Houston Gets Private Electric Car Charging Network

Texas might be getting the most innovative and practical electric car charging system in the United States. Surprise?


Houston, Texas, may end up being the first American city with a great electric car charging infrastructure. A company with the phonically awkward name of NRG Energy is rolling out "the world's first privately funded comprehensive electric vehicle ecosystem."

The system (or "ecosystem," in their overwrought marketing speak) is called eVgo and it employs a very interesting business model. NRG is going to install between 50 and 150 high-speed chargers in public places—think shopping centers and the like—by the end of 2011. They'll also be installing chargers in people's homes.


Subscribers to eVgo sign a three-year contract and then pay a monthly fee, ranging from $49 to $89, for both a home charger and varying levels of access to this network of public chargers.

That most expensive plan gets you a home charger, access to all the public chargers, and free electricity—that is, it doesn't show up on your home utility bill at all. Pretty reasonable, right?

The high-speed chargers distributed around the city will be able to charge a car to 80 percent (that's 80 miles worth for the Leaf) within 30 minutes. This video has a few more details.

[youtube]http://www.youtube.com/watch?v=gQIjVyX5jkc

Some people are expressing surprise that this is happening in oil country, but I'm not sure it's such an unlikely place. I'll go out on a limb and guess Houston has a relatively high percentage of people in single-family homes with garages. That means there are lots of people for whom a home charger is an option—and home chargers can make electric cars practical for people right off the bat, even when a public network of chargers is sparse.


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National Tell a Joke Day dates back to 1944 when President Franklin Delano Roosevelt was having a meeting with Vice-President, Henry Wallace. The two men were tired and depressed due to the stress caused by leading a country through world war.

During a lull in the meeting, Wallace said, "Frank, to cheer you up I have a joke I'd like to share."

"Let's have it, Henry," Roosevelt replied while ashing his cigarette.

"Why did the chicken cross the road?" Wallace asked. "Not sure," Roosevelt replied.

"To get to the other side," Wallace responded.

Roosevelt laughed so hard that the bourbon he was drinking sprayed out of his nose and onto the floor of the oval office.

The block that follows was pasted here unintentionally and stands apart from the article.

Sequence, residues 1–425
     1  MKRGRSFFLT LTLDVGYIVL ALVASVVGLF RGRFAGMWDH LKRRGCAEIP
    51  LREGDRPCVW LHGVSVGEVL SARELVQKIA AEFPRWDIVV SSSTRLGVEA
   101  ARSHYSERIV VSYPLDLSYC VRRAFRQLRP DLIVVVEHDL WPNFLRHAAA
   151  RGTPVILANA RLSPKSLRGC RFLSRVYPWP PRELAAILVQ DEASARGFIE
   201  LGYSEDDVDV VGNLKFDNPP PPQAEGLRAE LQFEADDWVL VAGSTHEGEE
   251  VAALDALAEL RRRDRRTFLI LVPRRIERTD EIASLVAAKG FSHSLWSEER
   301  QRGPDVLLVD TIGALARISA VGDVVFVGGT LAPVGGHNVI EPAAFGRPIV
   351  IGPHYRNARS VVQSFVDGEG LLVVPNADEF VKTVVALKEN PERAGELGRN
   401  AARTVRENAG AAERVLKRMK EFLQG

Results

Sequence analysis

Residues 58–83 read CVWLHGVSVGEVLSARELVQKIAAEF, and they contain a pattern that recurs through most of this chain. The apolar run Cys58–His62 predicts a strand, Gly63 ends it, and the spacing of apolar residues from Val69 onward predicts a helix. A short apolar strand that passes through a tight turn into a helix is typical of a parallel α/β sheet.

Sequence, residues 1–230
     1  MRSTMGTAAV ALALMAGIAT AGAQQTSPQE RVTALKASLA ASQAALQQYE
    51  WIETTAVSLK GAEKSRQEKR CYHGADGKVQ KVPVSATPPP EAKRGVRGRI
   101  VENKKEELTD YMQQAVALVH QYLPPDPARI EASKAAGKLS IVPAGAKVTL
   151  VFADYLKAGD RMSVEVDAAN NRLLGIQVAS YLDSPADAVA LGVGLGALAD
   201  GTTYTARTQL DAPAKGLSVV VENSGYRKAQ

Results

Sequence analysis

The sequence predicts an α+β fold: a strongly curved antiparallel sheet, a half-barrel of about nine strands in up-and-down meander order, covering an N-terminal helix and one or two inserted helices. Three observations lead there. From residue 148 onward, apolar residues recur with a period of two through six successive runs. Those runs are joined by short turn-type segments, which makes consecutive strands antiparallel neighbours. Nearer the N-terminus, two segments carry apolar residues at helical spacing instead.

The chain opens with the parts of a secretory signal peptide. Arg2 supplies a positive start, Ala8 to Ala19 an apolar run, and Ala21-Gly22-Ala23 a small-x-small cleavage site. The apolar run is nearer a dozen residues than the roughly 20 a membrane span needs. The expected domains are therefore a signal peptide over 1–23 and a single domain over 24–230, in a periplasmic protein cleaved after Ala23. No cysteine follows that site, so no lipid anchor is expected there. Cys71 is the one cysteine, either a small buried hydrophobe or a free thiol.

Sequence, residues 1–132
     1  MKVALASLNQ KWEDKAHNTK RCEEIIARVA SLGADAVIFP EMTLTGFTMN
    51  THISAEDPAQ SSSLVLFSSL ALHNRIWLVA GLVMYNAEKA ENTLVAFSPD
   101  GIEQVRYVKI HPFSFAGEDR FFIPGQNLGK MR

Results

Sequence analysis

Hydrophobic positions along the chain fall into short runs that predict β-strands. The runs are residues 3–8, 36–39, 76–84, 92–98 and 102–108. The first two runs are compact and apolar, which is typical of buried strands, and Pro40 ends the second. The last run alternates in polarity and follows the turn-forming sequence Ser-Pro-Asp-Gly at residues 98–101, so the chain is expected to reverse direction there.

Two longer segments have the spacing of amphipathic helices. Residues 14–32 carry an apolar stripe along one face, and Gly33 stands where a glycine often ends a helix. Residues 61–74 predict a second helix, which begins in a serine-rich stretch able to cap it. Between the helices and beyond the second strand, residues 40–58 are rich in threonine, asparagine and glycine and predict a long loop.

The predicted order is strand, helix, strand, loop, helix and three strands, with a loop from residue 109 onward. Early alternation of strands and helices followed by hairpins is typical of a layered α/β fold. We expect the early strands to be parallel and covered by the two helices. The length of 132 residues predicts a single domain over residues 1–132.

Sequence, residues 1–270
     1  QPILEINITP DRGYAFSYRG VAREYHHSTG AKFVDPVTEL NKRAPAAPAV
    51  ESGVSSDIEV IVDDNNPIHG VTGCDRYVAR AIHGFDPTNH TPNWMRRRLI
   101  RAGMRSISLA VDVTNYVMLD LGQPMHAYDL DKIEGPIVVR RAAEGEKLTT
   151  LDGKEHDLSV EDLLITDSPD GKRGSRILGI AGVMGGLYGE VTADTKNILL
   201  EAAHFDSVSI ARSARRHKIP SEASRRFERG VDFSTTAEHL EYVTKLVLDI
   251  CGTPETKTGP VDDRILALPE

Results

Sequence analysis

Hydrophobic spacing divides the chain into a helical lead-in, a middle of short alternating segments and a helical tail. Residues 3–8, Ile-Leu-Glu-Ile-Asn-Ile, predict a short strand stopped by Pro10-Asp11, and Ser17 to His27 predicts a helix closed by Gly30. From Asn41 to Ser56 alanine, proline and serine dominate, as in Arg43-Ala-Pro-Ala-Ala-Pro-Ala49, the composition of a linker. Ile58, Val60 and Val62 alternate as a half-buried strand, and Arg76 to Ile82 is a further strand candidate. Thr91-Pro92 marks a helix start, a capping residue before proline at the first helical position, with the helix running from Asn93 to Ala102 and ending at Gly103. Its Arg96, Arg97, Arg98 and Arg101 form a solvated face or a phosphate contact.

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The joke was so funny, and did such a great job at lightening both their moods, Roosevelt proclaimed that every year, August 16 would be National Tell a Joke Day.

Just kidding.

Nobody knows why National Tell a Joke Day started, but in a world where the President of the United States is trying to buy Greenland, "Beverly Hills, 90210" is back on TV, and the economy is about to go off a cliff, we could all use a bit of levity.

To celebrate National Tell a Joke Day, the people on Twitter responded with hundreds of the corniest dad jokes ever told. Here are some of the best.

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Elaine Solowey, the Director of the Arava Institute for Environmental Studies at Kibbutz Ketura in Israel, wondered if she could revive the Judean Date Palm, so in 2005, she began to experiment. "I assumed the food in the seed would be no good after all that time. How could it be?" Solewey said.

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"We must err on the side of safety. Most recently, two Delta employees were bit by a pit bull traveling as a support animal last week. We struggled with the decision to expand the ban to service animals, knowing that some customers have legitimate needs, but we have determined that untrained, pit bull-type dogs posing as both service and support animals are a potential safety risk," Delta told People regarding the new rule.

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via Liam Beach / Facebook

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This miracle worker is Liam Beach, a 19-year-old animal management graduate from Cardiff, Wales. A friend of his dared him to attempt the shot and he accepted the challenge.

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The Great American Rail-Trail, a bike path that will connect Washington state to Washington, D.C., is over 50% complete.

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